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ISSUE 6 2018
A question
Why do consumers like what they like? Sensory analysis aims to answer this question
by evaluating product attributes that impact perception. Kieran Kilcawley, principal
research officer, in the Department of Food Quality and Sensory Science, Teagasc,
explains that scientists at the State agency are combining sensory science and flavour
chemistry to better define sensory attributes that impact on perception
Sensory analysis is the ultimate measure
of product quality and success, according
to Kieran. It comprises a variety of
powerful and sensitive tools to measure
human responses to products and
provides information on likes, dislikes and
specific attribute differences. However,
he says, incorporating flavour chemistry
with sensory science offers even greater
insights, allowing researchers to define
the compounds responsible for those
differences, which, in turn, enables them
to understand how to best manipulate or
optimise key product sensory attributes.
"A descriptive panel is asked to rank at least
12 attributes that best define the product.
We identify the volatile [volatile organic
compounds provide the aroma and impact
flavour] profile of the product using advanced
gas chromatographic mass spectrometry
analysis and then use statistical techniques
to determine which volatiles are contributing
to a particular sensory attribute. Once we
understand the source of the volatile(s)
impacting on perception we can use this
information to direct or control the flavour of
the product."
Smells good
Importantly, Kieran notes, most of what we
taste is defined by what we smell. "You have
olfactory receptors in the olfactory membrane
above the buccal cavity of your mouth and,
when you eat something, volatiles are released
in your mouth and travel to the olfactory
nerve, this is called retronasal olfaction.
This same nerve detects aromatic volatiles
orthonasally when you smell via the nose. So,
a lot of people mistake aroma that is released
in the mouth during chewing as taste. In fact,
approximately 80 per cent of flavour is actually
aroma with only 20 per cent taste."
A flavour of the future
The flavour chemistry facility at Teagasc Food
Research Centre, Moorepark, was established
in 1998 to aid researchers' understanding of
the volatile and non-volatile compounds that
influence the flavour of food and beverages and
to offer support to industry, particularly with
respect to product matching, volatile profiling,
identification of taints of off-flavours and shelf-
life stability, among other topics. "The flavour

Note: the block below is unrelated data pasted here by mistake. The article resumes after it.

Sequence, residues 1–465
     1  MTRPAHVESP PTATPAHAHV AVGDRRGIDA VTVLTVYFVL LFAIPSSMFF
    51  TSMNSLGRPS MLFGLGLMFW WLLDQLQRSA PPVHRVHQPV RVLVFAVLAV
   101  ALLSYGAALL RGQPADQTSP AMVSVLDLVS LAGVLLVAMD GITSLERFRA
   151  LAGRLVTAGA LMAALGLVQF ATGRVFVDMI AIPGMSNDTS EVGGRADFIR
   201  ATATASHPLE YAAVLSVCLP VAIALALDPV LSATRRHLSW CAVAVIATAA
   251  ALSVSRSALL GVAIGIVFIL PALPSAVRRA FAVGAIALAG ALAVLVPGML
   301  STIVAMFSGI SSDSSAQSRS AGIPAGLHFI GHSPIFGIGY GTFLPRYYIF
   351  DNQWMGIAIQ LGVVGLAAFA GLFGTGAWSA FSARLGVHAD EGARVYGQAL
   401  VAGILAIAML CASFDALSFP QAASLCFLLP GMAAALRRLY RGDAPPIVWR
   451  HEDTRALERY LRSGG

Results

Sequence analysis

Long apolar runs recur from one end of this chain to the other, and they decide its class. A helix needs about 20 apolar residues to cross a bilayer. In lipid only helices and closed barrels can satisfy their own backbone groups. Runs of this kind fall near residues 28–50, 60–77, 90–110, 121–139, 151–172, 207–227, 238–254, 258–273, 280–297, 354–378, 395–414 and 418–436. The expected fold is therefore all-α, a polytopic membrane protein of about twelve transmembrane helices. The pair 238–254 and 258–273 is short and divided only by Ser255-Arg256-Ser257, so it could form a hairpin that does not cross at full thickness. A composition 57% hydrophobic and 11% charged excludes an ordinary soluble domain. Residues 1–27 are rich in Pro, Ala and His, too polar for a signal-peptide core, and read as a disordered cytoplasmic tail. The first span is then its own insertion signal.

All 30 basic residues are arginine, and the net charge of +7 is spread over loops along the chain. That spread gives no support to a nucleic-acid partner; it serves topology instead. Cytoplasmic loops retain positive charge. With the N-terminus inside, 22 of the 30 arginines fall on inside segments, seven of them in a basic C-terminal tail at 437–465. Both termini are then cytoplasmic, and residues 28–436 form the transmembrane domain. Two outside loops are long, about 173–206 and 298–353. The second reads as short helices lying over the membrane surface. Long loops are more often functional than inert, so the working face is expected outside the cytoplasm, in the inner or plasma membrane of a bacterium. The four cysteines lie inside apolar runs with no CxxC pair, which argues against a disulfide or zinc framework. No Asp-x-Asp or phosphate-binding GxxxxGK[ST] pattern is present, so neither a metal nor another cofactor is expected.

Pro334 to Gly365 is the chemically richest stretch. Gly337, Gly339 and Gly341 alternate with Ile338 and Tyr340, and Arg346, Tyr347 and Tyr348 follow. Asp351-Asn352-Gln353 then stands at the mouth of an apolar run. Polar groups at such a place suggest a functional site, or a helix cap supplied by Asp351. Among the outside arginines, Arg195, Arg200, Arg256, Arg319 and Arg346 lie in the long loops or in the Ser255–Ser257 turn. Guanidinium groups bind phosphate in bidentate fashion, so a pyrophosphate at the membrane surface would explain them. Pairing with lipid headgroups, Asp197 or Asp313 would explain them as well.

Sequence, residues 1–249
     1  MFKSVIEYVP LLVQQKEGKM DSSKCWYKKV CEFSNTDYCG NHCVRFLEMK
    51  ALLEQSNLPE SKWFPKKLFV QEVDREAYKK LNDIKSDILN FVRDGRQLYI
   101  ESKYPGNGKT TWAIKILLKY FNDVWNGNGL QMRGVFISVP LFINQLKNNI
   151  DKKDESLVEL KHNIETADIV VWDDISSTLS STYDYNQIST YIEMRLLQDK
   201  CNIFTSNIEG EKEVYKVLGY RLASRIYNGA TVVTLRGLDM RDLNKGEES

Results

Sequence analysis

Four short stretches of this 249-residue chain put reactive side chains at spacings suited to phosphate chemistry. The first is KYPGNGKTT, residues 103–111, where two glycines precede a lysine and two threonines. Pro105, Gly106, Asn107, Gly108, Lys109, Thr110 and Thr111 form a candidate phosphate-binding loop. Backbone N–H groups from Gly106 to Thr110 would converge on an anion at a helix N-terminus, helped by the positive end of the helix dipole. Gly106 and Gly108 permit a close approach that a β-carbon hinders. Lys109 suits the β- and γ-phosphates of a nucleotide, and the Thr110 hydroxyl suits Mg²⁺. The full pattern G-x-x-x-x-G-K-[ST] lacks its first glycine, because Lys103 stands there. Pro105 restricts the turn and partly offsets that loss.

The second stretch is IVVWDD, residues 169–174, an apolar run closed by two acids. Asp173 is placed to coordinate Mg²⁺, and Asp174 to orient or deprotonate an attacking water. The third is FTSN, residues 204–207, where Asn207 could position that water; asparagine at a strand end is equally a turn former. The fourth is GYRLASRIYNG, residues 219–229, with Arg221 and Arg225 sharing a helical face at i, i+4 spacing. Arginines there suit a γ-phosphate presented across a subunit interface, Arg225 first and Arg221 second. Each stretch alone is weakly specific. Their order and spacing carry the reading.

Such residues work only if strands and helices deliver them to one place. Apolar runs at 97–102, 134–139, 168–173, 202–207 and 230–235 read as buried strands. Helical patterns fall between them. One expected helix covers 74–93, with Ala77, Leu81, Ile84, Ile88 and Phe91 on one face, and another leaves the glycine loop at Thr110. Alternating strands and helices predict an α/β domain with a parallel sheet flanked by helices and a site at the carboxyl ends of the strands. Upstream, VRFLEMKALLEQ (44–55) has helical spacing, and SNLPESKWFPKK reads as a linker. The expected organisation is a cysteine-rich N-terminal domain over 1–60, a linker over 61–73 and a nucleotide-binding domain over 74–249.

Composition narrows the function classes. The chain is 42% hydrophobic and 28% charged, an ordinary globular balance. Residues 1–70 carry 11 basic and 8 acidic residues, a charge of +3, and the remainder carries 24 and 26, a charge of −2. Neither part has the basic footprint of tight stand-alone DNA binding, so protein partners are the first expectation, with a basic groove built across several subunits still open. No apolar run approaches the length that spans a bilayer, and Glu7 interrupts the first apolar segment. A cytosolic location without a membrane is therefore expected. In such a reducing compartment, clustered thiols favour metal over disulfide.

chemistry facility is an integral component of
Sensory Food Network Ireland established
in 2015 to bring all the sensory expertise on
the island of Ireland under one umbrella to
promote sensory science, enhance existing
expertise and capability, garner funding,
support industry and provide a platform to
support and train future sensory scientists."
A newly-refurbished flavour chemistry
laboratory recently opened in Teagasc
Food Research Centre Moorepark, funded
by Teagasc with equipment grants from
the Department of Agriculture, Food
and the Marine, Enterprise Ireland and
Science Foundation Ireland (SFI). The
facility is designed to extract, concentrate,
identify and quantify aromatic volatiles in
foods and beverages.
"We have the only comprehensive, two-
dimensional gas chromatography time of flight
mass spectrometry system in Ireland, which
was funded by the SFI, at a cost of 268,455,
in 2017. This new equipment enables us to
identify key volatiles that impact on sensory
perception and to understand how they are
impacted during processing, preparation
and storage. Most of our focus is on volatile
compounds because aroma makes up about
80 per cent of flavour with thousands of
potential compounds involved."
The research group at Moorepark, have
worked primarily on dairy products (milk,
cheese, whey, butter, yoghurt and dairy
powders), but as part of wider internal
and external research collaborations have
investigated the flavour of chocolate, beef (raw
and cooked), lamb, salami, vegetables, truffles,
fruit, cereals, kefir and whiskey, and are
developing databases of volatile compounds
for each product. "We also collaborate with
other national and international groups
in flavour chemistry to evaluate different
extraction techniques and to validate methods
for specific applications."
Research highlights
Kieran provides some of the results from the
ongoing research at Teagasc:
Pasture-based dairy identifiers
"Recently, we identified compounds that
can potentially be used to identify dairy
products produced from pasture-based
feeding systems, some of which directly
impact on sensory perception." This